The effects of socioeconomic status and indices of physical environment on reduced birth weight and preterm births in Eastern Massachusetts
Ariana Zeka, Steve J Melly, Joel Schwartz
Environmental Health , 2008, DOI: 10.1186/1476-069x-7-60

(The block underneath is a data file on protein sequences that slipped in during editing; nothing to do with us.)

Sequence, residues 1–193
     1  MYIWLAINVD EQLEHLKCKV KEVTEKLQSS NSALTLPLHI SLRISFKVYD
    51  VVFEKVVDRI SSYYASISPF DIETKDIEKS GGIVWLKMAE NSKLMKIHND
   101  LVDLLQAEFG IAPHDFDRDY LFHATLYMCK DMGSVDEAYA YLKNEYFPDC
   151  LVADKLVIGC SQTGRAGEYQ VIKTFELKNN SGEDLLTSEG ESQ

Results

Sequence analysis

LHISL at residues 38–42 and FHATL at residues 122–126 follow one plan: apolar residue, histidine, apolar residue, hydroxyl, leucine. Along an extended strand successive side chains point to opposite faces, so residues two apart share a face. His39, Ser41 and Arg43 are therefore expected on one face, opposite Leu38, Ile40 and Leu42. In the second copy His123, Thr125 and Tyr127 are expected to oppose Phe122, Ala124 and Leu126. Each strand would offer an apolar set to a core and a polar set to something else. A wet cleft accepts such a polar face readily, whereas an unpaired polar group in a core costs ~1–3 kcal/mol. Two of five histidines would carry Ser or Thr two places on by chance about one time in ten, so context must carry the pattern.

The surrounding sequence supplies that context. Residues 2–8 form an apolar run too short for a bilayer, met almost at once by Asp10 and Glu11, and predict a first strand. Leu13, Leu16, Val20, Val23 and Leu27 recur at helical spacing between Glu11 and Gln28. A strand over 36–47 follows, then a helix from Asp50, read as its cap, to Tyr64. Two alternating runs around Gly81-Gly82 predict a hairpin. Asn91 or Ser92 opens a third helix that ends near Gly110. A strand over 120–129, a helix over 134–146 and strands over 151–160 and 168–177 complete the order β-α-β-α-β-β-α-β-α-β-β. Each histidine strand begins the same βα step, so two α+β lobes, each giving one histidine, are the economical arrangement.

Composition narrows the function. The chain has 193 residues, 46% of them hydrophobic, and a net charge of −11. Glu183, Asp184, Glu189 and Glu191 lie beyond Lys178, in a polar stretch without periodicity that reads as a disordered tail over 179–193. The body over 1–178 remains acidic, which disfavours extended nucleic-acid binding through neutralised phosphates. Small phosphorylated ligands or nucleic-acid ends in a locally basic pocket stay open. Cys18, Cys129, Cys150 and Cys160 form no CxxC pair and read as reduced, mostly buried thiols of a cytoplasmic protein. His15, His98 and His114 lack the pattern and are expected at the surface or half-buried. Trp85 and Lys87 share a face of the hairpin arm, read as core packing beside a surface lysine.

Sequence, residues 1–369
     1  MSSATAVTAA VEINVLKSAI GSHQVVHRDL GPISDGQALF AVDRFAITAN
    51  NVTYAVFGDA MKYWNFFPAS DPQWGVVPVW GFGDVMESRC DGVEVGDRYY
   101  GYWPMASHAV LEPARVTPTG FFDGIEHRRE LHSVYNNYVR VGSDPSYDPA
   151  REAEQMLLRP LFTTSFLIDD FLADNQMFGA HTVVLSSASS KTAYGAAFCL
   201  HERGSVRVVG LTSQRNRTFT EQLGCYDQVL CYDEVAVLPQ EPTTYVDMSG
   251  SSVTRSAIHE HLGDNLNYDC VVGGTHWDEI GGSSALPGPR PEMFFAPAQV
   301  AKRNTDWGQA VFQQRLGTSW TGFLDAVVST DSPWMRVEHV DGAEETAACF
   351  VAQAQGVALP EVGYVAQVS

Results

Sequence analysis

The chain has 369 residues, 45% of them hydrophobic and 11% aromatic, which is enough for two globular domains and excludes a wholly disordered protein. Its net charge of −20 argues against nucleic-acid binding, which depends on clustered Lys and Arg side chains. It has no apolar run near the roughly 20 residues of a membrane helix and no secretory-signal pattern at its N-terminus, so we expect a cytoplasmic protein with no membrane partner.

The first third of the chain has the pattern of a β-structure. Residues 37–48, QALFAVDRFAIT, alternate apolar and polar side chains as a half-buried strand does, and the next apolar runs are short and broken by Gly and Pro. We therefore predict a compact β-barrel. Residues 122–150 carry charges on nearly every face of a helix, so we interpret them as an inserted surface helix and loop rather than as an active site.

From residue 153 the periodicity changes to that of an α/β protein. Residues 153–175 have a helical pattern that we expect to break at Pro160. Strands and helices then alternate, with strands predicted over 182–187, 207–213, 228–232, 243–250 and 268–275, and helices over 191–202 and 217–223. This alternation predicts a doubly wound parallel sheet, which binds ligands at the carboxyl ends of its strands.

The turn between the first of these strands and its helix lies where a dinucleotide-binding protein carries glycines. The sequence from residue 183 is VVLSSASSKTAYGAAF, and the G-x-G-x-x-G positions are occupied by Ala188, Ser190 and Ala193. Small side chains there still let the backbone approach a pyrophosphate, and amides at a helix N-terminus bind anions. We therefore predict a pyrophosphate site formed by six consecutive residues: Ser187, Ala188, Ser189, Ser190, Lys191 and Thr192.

Abstract: A study of singleton births in Eastern Massachusetts was conducted between 1996 and 2002 to examine the association between indicators of traffic, land use, individual and area-based socioeconomic measures (SEM), and birth outcomes (birth weight, small for gestational age and preterm births), in a two-level hierarchical model.We found effects of both individual (education, race, prenatal care index) and area-based (median household income) SEM with all birth outcomes. The associations for traffic and land use variables were mainly seen with birth weight, with an exception for an effect of cumulative traffic density on small for gestational age. Race/ethnicity of mother was an important predictor of birth outcomes and a strong confounder for both area-based SEM and indices of physical environment. The effects of traffic and land use differed by level of education and median household income.Overall, the findings of the study suggested greater likelihood of reduced birth weight and preterm births among the more socially disadvantaged, and a greater risk of reduced birth weight associated with traffic exposures. Results revealed the importance of controlling simultaneously for SEM and environmental exposures as the way to better understand determinants of health.Adverse birth outcomes such as low birth weight and its determinants, preterm births and intrauterine growth retardation have been associated with indicators of socioeconomic status and physical environment [1-3]. The issue stands high in the public health concerns due to the evidence that adverse health in early life can lead to later life diseases of childhood and adulthood [4-10].Socioeconomic status is a determinant of health in populations [11,12], and it has been linked to adverse birth outcomes [3,13-16]. It is likely that socioeconomic status is a measure of access to health care, empowerment, level of stress and violence, and likelihood of exposure to environmental factors, and among these air pollutio